TANZANIA : THE Traffic Division of the Tanzania Police Force has suspended 124 motor vehicle driving schools in the country for failing to meet the required threshold.
According to Chief Commanding Traffic Officer Ramadhani Ng’anzi, the suspended driving schools were given three months to evaluate themselves, but still fell short of meeting the required standards.
The Traffic police commander, who was briefing journalists upon his visit to the Arusha Technical College’s (ATC) mechanical unit last Thursday, said the traffic division will continue to re-evaluate its policies regarding the accreditation of new driving schools, with a view of bringing sanity on roads.
“We undertook a thorough inspection of the driving schools and only 106 received a clean bill of health,” he disclosed.
The Head of the Traffic Division further revealed that the inspection established that the competence of a great deal of drivers left much to be desired.
“The root of the problem stemmed from the syllabus offered at the driving schools and lack of simulator machines at such learning facilities,” he said.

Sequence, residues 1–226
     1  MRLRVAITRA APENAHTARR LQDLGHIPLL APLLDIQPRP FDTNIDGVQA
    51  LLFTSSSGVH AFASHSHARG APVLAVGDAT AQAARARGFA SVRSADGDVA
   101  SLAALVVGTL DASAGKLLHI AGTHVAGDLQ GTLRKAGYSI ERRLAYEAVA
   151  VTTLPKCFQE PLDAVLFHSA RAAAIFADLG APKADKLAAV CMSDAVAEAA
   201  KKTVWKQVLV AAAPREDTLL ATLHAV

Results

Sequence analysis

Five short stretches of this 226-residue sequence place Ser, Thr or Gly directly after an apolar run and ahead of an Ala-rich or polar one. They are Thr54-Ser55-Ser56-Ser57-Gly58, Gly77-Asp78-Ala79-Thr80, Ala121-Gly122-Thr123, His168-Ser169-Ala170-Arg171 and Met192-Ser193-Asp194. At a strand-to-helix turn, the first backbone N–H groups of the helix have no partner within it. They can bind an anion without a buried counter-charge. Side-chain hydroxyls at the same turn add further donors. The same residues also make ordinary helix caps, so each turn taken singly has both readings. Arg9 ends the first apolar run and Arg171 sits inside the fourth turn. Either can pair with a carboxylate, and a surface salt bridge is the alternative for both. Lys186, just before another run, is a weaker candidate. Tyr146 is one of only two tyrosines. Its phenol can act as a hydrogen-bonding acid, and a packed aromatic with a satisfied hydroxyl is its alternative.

Mr Ng’anzi maintained that the traffic division will continue to suspend the accreditation of driving schools, to check on whether they are complying with the required standards or not.
Earlier on, the Director of Future World Driving School, Robert Mkolla noted with concern as to why many people were desperate to get behind wheels, a move that has seen driving licences issued to those who aren’t qualified drivers.
“We are determined to have a common ground of understanding as instructors, with the aim of churning out competent people and eventually reduce road accidents,” Mr Mkolla explained.
According to the instructor, there has been a high demand of drivers to operate Public Service Vehicles (PSVs) and Heavy-Duty vehicles (HDVs), calling on fellow owners of driving schools to bridge such a gap.